Generally, for most employees, the commute to and from work is not a time in which the employee is covered under the Pennsylvania workers’ compensation system (this is known as the “going and coming rule”). As with many of the principles we touch on with this blog, there are exceptions. (One critical one, which we are not discussing in this blog post, is the “traveling employee,” which can be seen in this blog post). Here we are going to look at a recent case on what happens with an injury in the employer’s parking lot.
In Quality Bicycle Products, Inc. v. Workers’ Compensation Appeal Board (Shaw), the employee was running out of the building to his car due to a family emergency. On his way to his car, in the employer’s parking lot, the employee felt a pop in his knee (later diagnosed as a fractured patella). A Claim Petition was filed and granted by a Workers Compensation Judge (WCJ). This was affirmed on appeal by the Workers’ Compensation Appeal Board (WCAB). [Note that other aspects of the decision were reversed by the WCAB, but are not relevant to our discussion].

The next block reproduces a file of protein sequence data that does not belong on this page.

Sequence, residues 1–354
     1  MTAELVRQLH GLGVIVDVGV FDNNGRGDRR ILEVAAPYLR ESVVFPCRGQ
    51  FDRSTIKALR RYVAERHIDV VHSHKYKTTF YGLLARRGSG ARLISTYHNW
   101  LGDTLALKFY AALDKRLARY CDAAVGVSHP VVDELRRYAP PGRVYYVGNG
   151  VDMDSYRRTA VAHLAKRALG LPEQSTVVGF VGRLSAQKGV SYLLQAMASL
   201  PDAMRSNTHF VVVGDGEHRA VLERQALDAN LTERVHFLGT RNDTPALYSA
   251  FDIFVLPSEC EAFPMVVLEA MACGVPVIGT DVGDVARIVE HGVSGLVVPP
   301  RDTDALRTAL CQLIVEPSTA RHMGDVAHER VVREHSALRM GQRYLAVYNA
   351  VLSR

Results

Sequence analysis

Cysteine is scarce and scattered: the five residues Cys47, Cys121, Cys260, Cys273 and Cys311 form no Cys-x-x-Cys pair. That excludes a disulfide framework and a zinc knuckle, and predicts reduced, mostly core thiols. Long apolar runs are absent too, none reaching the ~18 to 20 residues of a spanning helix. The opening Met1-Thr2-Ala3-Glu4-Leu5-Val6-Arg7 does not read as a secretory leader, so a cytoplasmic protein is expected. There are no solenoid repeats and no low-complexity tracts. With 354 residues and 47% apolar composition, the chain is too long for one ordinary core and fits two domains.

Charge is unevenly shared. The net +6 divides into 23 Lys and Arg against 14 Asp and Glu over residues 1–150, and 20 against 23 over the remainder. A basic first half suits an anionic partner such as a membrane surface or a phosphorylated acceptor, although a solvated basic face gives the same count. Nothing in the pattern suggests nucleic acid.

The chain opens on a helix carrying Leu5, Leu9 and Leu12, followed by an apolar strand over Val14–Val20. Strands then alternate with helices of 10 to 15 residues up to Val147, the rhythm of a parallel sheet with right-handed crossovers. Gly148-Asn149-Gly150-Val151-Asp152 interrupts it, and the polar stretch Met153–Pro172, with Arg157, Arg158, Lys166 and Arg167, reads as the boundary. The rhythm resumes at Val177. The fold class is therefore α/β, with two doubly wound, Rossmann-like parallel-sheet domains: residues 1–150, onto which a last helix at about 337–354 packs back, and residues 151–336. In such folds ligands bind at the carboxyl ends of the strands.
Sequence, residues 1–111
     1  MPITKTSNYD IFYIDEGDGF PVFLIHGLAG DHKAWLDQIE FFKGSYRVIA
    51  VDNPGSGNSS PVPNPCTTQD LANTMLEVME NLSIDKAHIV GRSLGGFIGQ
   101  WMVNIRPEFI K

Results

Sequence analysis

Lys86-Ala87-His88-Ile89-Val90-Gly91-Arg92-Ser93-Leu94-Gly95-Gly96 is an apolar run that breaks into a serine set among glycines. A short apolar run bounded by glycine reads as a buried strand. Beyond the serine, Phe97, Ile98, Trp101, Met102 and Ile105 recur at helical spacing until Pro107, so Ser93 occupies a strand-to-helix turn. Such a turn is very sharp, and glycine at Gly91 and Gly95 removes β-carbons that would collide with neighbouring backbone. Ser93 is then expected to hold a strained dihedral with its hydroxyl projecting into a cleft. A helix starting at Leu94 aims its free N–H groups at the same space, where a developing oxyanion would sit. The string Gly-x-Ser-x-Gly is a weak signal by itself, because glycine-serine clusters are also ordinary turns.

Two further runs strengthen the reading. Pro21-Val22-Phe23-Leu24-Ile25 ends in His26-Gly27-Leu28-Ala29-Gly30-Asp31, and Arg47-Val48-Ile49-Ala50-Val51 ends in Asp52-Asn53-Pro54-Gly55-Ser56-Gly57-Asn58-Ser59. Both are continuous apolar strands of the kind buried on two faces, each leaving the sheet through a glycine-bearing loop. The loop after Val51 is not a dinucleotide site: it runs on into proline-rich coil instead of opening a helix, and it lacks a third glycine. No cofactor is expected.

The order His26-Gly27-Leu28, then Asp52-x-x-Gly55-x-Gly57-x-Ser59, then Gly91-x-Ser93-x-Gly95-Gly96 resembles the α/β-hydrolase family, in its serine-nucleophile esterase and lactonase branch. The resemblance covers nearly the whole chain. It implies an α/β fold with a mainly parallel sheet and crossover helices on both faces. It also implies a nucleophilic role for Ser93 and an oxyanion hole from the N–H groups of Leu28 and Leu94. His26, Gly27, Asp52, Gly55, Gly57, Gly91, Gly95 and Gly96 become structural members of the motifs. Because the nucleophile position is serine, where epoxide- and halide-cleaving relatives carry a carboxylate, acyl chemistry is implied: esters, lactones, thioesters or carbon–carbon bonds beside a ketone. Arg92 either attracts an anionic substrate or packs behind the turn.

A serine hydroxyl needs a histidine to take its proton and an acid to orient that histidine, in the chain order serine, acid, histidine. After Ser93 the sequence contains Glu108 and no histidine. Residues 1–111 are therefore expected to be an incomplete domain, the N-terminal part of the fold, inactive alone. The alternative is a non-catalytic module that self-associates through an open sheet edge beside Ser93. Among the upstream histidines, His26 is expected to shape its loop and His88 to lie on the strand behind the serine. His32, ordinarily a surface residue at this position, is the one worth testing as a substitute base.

Upon appeal to the Commonwealth Court of Pennsylvania, the decision of the WCJ was reversed. The Court felt that the WCJ, and the WCAB, erred in finding that the injury took place in the scope and course of employment.